To understand that, one need look no further than Colin Kaepernick.

Kaepernick, in 2012, essentially was Dak Prescott. He took over his team after the established starter went down, impressed everyone immediately with his skill and decision-making, and concluded the season with a 10:3 touchdown/interception ratio and a 98.3 passer rating. (Prescott, by comparison, went 34:8 and posted a 101.6 in his first season.) He led the team to the Super Bowl, coming within a single score of taking home the Lombardi Trophy in his first year in the NFL. In his second year in the league, like Prescott, he experienced little drop-off, posting a 91.6 passer rating and leading the team to within a single play of a repeat appearance in the Super Bowl. He struggled in his fourth season, under a new coach, and suffered a shoulder injury and a benching before bouncing back in 2016 for a statistically strong season on a talent-starved San Francisco 49ers team. Then, of course, he found himself unable to sign as a free agent with any team in the NFL, even as a backup quarterback. On Sunday, Kaepernick watched from home as a quarterback like Ryan Fitzpatrick, backing up the mobile Jameis Winston in Tampa Bay, threw half as many interceptions (2) in one game as Kaepernick threw in the entire 2016 season (4).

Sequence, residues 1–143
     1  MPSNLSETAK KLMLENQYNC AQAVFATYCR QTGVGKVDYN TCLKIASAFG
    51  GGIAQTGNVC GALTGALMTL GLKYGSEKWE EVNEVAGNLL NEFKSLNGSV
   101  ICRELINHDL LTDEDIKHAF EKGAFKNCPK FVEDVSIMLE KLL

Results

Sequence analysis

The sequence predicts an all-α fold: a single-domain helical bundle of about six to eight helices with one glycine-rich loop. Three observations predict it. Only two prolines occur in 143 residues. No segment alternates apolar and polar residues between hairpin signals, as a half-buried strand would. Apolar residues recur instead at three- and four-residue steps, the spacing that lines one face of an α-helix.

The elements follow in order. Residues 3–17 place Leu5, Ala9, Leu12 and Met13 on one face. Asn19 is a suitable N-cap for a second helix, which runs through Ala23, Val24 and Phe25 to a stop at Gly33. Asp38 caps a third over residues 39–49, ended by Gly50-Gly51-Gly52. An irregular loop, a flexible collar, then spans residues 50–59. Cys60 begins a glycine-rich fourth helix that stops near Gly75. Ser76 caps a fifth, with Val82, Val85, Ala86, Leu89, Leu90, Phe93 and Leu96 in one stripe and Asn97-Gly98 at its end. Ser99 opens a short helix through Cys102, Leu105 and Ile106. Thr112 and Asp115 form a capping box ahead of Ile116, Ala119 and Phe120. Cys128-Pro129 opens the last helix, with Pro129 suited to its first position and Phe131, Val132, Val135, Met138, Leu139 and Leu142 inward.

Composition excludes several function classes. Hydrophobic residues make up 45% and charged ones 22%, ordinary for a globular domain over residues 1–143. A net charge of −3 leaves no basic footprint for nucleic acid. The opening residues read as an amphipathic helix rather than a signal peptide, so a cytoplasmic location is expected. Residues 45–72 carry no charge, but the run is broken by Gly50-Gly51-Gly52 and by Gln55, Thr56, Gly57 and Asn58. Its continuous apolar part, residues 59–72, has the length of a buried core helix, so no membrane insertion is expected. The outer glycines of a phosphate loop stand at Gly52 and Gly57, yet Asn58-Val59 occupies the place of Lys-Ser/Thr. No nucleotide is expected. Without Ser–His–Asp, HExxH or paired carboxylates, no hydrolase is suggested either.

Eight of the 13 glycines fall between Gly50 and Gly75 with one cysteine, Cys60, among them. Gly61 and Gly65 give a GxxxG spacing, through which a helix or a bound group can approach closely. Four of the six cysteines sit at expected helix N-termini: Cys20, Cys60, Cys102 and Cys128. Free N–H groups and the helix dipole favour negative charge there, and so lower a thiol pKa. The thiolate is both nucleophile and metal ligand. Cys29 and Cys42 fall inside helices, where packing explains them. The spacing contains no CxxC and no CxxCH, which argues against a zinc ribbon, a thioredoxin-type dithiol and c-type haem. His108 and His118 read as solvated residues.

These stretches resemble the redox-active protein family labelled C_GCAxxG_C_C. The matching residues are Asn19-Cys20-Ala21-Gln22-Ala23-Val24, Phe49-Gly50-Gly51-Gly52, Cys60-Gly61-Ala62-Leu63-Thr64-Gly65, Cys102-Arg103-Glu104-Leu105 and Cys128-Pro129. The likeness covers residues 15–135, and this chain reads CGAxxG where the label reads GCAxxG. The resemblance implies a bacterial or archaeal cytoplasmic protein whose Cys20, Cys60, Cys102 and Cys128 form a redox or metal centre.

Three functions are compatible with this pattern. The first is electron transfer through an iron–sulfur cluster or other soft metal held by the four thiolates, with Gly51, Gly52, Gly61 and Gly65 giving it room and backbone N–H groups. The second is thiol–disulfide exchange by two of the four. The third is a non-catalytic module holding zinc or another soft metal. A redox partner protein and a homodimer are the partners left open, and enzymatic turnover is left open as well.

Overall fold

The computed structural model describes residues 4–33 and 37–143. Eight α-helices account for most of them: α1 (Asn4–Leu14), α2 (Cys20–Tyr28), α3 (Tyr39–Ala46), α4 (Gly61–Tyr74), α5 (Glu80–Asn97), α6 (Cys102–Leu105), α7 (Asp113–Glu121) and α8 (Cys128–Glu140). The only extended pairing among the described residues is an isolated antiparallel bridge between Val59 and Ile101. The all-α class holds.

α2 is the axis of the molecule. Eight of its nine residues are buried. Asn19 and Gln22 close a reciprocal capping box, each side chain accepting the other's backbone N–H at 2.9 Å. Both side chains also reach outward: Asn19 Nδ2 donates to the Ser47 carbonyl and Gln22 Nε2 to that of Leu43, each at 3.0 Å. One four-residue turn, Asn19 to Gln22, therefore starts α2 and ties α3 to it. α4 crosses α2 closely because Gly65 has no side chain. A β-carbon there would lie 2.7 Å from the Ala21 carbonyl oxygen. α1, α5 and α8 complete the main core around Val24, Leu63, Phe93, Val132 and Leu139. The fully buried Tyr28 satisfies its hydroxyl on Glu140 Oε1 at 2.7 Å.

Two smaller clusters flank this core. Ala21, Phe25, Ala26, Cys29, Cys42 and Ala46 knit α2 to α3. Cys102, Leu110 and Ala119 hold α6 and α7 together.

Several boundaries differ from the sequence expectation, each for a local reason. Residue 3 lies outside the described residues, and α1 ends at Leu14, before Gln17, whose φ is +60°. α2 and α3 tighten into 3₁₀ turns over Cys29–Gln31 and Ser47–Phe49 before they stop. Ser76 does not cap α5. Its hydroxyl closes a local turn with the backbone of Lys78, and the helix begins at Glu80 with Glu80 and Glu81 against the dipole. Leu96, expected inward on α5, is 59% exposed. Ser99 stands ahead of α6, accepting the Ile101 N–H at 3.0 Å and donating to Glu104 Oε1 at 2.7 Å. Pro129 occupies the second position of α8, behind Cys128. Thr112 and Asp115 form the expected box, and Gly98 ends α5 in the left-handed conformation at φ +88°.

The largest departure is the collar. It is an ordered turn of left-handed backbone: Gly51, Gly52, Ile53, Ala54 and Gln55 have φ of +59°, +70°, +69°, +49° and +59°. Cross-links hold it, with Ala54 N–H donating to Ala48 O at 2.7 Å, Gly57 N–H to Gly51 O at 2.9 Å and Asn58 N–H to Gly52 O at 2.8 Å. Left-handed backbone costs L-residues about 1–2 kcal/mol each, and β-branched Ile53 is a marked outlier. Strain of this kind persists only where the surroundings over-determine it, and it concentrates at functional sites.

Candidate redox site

That surely weighs heavily on the mind of any player in Dallas who is considering taking a knee or raising a fist during the anthem when the Cowboys come back from the bye on Sunday against Kaepernick’s old team in San Francisco. It’s easy for the NFL to decide that they’re content to leave talent behind if other concerns outweigh the need to have the best chance to win. (In mid-October, the Tennessee Titans signed 34-year-old former Cowboys/Texans bust Brandon Weeden to back up the mobile Marcus Mariota, prompting Kaepernick to file a collusion lawsuit against the league.) All of which is to say that it’s easy for today’s star players to see the example of Kaepernick and wonder if job security exists in the NFL. The notion that Prescott, Elliott, and Bryant are untouchable is true in a sense: The Cowboys most likely are not prepared to start Sunday’s game without them, and Jones loves winning too much to leave any of them in the locker room if they’re healthy and not suspended. But choosing to defy the mandate of their team’s owner would likely make any one of them a lightning rod for criticism, as Kaepernick has become. If that happens, it’d be easy to build a narrative that a given player was never actually that good at football. The Cowboys are only 2-3 this year, after all, and Prescott’s already thrown as many interceptions in 2017 as he did in all of 2016—it wouldn’t be a stretch for someone to argue that the league has just figured him out.